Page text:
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January 7, 2019

Travel, hospitality businesses will be guided by Gen Z, WEX report says

Courtesy / WEX Inc.
Courtesy / WEX Inc.
Jay Dearborn, president of WEX's corporate payments division, announced the findings today of the 2019 Travel Trends and Expectations report it completed in partnership with Mastercard.

An increasing focus on technology and the preferences of Generation Z — those age 20 and under — will drive travel trends in the future, according to the 2019 Travel Trends and Expectations report from South Portland-based WEX.

Travel trends in 2018 broke down along generational lines, with younger travelers more likely to use online travel agencies, travel with a purpose and pay for it with a debit card rather than a credit card, the report said.

But more focus on technology as a resource crosses all generational lines, according to the report, on which WEX, a payment and business solutions company that will soon be moving into new global headquarters in Portland, partnered with Mastercard, which conducted the primary research.

In its second year, the study looks at how U.S. travelers viewed the travel landscape in 2018, and how that will impact travel behavior in 2019. The findings were released by WEX on Monday.

The data is intended to help inform travel companies of shifts in the travel market as business planning for the new year solidifies, according to the report.

"Millennials (ages 21-34) represent the next wave of travelers, but it's the attitudes and preferences of Gen Z that will give shape to the longer-term future of the travel industry," the report said. "And while younger people are likely new to travel and therefore not yet guided by old habits, they're already making their preferences known."

The youngest generation of travelers "presents a huge opportunity for online travel companies, that can gain the next generation's attention while they're experiencing the world of travel for the first time..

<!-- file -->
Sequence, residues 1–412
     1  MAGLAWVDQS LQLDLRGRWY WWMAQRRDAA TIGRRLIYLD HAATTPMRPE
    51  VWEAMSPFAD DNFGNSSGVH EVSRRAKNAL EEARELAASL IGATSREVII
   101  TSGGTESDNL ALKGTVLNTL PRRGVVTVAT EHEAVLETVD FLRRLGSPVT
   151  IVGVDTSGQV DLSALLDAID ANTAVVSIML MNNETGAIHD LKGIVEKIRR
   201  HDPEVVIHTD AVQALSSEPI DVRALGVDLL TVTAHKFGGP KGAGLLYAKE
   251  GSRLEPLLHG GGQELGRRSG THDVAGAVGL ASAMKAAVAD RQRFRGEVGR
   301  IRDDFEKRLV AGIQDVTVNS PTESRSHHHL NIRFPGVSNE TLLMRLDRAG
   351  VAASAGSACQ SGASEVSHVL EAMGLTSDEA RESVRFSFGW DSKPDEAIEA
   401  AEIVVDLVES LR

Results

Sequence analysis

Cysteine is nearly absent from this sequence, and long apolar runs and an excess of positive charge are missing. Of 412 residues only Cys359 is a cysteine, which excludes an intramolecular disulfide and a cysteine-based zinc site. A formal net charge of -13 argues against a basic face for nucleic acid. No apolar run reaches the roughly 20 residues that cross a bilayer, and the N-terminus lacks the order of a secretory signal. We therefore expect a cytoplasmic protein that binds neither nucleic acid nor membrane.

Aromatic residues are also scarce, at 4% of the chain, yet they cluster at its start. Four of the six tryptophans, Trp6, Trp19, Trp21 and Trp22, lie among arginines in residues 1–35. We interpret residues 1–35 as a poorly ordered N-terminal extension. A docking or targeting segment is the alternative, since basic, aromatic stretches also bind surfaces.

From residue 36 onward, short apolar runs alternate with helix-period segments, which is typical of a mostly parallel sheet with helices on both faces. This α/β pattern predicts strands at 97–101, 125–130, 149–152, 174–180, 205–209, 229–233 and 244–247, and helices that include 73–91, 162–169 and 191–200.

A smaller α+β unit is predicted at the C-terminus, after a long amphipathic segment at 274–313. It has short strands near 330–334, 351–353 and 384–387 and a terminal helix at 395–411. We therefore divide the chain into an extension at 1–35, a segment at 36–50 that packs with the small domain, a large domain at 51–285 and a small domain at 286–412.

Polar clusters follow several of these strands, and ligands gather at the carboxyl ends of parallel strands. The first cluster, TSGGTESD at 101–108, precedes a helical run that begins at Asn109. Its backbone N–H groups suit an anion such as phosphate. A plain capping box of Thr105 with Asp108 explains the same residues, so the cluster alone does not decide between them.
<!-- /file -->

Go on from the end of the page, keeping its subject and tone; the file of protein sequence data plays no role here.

"If businesses act accordingly, they can start fostering a sense of brand loyalty in this group at the very start of their customer journey. And because they are young, this group is impressionable," the report said. "When picking a destination or activity, both Gen Z and Millennials report being more easily swayed by online advertisements, Facebook, Instagram and word-of-mouth than their elders."

‘Technology is the thread’

"Technology is the thread connecting many of our travel findings and predictions for 2019," said Jay Dearborn, president of WEX Corporate Payments. "The influence of technology on the travel industry, and on both the imagination and preparedness of today's travelers, simply cannot be overstated. It is our hope that this report provides travel industry professionals with the insights they need to reach today's self-directed travelers where they're most likely to be: online."

"Disruptive" new services and technologies have made it an exciting time to be both a consumer and provider of travel services, said Ed Glassman, executive vice president North American markets at Mastercard.

"Now that we're in our second year of working with WEX to develop this report, we've been able to compare and track changes from the previous year, giving us great insight into exactly where the shifts in Americans' travel habits and expectations are occurring," he said.

What the survey found

The findings were gathered through self-administered surveys by 1,502 respondents between Oct. 3 and Oct. 22 who had taken three or more non business-related trips in the previous 12 months.

Key findings include:

  • Some 21% of those surveyed said they would be comfortable using a travel bot, which allows travel booking by voice through Alexa or Google Home or another device. Generation Z (24%) — those aged 18 to 20 in the survey — and Millenials (22%) booked trips through a chatbot. But nearly a quarter of those surveyed — 23% — said a digital assistant would probably improve the booking experience.